- European countries have done most things they feasibly could to fill gas storage units.
- Overall in the EU, gas storage was 92.37% full as of October 17.
- Weather will be the determining factor in how fast gas in storage would be depleted, so Europe hopes for the best and prays for a milder winter.
Europe’s gas prices fell at the start of this week to the lowest level in three months as storage is fuller than initially expected, LNG cargoes are coming in, and the weather is mild. But European governments have been preparing for the worst-case scenario in which a colder-than-usual winter could quickly sap gas in storage, send gas prices soaring again, intensify competition for costly LNG with Asia, break consumers’ resolve to conserve energy in freezing temperatures, and force more businesses and industrial processes to halt operations.
Europe has done all it can to ensure the heating and lights will be on this winter, analysts say. Yet this may not be enough—a long cold, windless spell this winter would threaten to unravel all the efforts and lead to mandatory energy-saving targets, rationing, or rolling outages.
The Good News
All that can be feasibly done to ensure alternative gas supply after the Russian invasion of Ukraine and the Russian halt of gas flows to nearly all EU member states has been done. Floating storage regasification units (FSRUs) are being set up in Germany, the Netherlands, and Finland. Eemshaven in the Netherlands and Wilhelmshaven and Brunsbüttel in Germany are expected to begin operations as early as the end of this year. Europe is paying a lot for LNG supply, outbidding Asia, which was the top buyer of spot cargoes before the war.
Germany, Europe’s biggest economy and until recently Russia’s top gas customer, saw its storage hit 95% full two weeks ahead of schedule amid higher-than-typical filling of gas storage sites across Europe.
Overall in the EU, gas storage was 92.37% full as of October 17, with Germany’s storage at over 96% full, a target Berlin expected to reach by November 1. Italy’s gas storage is 94% full and France’s is at over 98%, according to data from Gas Infrastructure Europe.
Moreover, France started sending natural gas directly to Germany last week in an attempt to alleviate the energy crisis in Europe’s biggest economy as the EU encourages solidarity among member states in natural gas supply.
Additional easing of the gas emergency concerns in Europe came from the Copernicus Climate Change Service, whose latest weather model suggested last week that most of Europe was more likely to face mild temperatures than a deep freeze this winter. Despite forecasts of a warmer than usual winter, there’s a greater chance of a cold windless snap as soon as in November and December, the service says. Low wind speeds would mean that most of northwest Europe, which relies on wind for power generation, may have to resort to other sources of power generation, exhausting the precious gas supply.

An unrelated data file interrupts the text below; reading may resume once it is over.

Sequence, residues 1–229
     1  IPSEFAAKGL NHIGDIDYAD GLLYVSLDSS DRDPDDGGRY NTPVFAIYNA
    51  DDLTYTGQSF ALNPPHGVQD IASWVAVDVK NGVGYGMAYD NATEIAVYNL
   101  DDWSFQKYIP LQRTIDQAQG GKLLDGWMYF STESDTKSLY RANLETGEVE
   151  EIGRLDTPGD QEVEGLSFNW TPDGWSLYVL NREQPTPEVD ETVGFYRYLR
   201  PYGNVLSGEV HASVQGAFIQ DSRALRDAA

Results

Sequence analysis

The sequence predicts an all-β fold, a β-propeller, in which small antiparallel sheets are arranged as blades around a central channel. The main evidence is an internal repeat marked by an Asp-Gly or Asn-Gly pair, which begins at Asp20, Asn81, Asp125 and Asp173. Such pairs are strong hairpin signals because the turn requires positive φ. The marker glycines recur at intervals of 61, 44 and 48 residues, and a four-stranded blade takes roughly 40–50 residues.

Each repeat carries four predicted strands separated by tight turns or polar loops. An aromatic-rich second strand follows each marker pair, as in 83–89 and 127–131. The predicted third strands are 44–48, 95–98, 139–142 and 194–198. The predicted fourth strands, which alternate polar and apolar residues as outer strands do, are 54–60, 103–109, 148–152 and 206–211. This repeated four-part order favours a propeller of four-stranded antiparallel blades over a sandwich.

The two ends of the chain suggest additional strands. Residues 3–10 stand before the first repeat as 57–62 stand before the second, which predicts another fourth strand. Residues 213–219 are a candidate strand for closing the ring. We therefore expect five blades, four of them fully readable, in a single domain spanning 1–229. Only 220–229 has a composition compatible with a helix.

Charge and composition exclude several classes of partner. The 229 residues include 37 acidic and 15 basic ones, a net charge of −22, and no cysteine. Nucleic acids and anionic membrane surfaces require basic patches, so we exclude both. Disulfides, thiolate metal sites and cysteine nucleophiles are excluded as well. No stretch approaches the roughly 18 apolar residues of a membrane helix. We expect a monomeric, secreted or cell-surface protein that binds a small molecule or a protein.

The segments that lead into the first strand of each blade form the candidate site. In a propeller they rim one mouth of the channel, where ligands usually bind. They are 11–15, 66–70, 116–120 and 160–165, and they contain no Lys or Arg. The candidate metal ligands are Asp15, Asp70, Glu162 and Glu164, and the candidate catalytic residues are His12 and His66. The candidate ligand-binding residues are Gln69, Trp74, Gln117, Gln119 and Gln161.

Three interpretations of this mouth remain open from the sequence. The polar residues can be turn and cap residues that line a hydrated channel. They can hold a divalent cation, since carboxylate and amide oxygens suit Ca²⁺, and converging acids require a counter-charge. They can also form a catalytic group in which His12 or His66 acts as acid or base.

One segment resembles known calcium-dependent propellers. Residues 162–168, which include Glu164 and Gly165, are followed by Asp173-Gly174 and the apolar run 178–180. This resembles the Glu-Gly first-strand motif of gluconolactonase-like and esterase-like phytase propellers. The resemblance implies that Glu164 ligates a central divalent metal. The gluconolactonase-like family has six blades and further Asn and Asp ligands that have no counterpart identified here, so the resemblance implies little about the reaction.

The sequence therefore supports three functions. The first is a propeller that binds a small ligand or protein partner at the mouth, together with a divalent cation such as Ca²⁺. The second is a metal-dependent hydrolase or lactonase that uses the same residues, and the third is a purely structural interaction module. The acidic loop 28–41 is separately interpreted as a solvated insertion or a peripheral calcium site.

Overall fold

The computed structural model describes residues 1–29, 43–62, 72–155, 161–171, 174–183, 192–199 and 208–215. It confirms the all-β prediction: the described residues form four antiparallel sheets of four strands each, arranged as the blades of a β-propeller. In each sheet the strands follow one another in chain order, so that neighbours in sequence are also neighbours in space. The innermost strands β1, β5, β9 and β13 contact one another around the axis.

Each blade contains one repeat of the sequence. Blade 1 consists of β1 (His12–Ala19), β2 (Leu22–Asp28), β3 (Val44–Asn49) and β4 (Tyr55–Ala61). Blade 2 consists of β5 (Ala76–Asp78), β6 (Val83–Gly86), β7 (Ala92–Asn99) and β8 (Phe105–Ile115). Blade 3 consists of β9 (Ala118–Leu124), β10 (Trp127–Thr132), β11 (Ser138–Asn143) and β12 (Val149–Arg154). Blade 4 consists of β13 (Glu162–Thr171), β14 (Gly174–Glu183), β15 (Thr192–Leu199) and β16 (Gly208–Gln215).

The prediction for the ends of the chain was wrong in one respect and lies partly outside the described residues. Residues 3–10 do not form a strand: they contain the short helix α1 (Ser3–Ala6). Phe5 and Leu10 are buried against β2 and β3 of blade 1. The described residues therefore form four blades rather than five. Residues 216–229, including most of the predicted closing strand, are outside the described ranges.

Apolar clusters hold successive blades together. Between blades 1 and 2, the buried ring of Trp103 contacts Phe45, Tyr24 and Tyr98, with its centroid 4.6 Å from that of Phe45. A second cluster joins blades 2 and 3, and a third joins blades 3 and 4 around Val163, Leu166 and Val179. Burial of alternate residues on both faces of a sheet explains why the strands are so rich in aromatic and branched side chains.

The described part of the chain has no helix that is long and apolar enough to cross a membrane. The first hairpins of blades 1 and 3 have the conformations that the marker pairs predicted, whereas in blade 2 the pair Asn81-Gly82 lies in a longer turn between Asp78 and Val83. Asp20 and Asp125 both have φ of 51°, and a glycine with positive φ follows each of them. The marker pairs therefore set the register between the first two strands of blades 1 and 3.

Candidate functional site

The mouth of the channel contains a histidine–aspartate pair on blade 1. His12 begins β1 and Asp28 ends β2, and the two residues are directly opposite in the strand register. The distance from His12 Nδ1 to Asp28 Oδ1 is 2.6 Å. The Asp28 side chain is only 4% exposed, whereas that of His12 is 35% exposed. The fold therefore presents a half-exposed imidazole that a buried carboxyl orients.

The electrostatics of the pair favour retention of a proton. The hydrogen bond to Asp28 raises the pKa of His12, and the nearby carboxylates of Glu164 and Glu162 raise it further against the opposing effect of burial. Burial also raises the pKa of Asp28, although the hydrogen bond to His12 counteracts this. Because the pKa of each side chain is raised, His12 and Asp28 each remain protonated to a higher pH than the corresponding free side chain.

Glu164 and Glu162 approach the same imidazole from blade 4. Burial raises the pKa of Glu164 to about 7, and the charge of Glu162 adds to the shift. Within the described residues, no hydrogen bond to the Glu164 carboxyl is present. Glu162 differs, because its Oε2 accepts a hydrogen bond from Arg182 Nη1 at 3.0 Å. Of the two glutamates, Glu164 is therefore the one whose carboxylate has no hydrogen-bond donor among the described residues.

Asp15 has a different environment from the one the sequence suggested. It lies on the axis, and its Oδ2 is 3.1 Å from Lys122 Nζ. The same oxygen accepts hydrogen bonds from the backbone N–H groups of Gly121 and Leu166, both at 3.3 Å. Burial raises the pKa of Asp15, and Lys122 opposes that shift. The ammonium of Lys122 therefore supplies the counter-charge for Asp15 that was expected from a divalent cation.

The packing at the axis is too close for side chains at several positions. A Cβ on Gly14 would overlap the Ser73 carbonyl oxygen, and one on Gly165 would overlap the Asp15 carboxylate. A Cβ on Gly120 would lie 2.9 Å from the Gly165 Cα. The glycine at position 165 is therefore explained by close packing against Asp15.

The Bad News
Weather will be the determining factor in how fast gas in storage would be depleted, so Europe hopes for the best and prays for a milder winter.
“Barring catastrophes, such as extremely cold weather, if we keep consumption in check, we’ll get through the winter fine. We just have to hope nothing goes wrong,” Italy’s Energy Transition Minister Roberto Cingolani told The Wall Street Journal.
Unfortunately for Europe, many things can go wrong. A very cold winter is just one of them.
Russia could suspend gas exports if the EU implements a price cap on Russian gas, Gazprom’s CEO Alexey Miller said this week. Russia still exports gas to Europe via one link through Ukraine and through TurkStream.
Another uncertainty in supply could come from China, whose LNG importers are reportedly told to stop reselling LNG cargoes to gas-starved Europe, in what could be a blow to the European hopes of continuous high inflows of LNG as the winter approaches.
On the demand side, it’s uncertain how European consumers will react to the incessant calls for energy savings when temperatures plunge and governments hand out aid to households to help them pay their soaring bills. Government-backed bill support schemes could actually discourage consumers from saving on gas and electricity, some analysts argue.
The first colder-than-normal week this autumn saw Germany failing the energy-saving test at the end of September. In the last week of September, when the first colder wave hit, German households and small businesses used nearly 10% more gas than the four-year average for that week, the regulator said.
“Without significant savings, also in the private sector, it will be difficult to avoid a gas shortage in the winter,” the agency’s president Klaus Müller said.
Germany’s gas storage may be nearly full, but it will not see Europe’s largest economy through the winter, the regulator says.
Demand destruction due to the very high gas prices is somewhat helping with savings, but it comes at the cost of deindustrialization as many factories and energy-intensive industries have been forced to curtail, halt, or relocate production. Energy-intensive industries in Europe, including aluminum, copper, and zinc smelters and steel makers, have already warned EU officials that they face an existential threat from surging power and gas prices.
Due to sky-high prices and a very tight gas market, natural gas usage in the power-generating sector in Europe is forecast to drop by nearly 3% this year. Industrial gas demand is expected to plunge by as much as 20%, the International Energy Agency (IEA) said in its quarterly Gas Market Report early this month.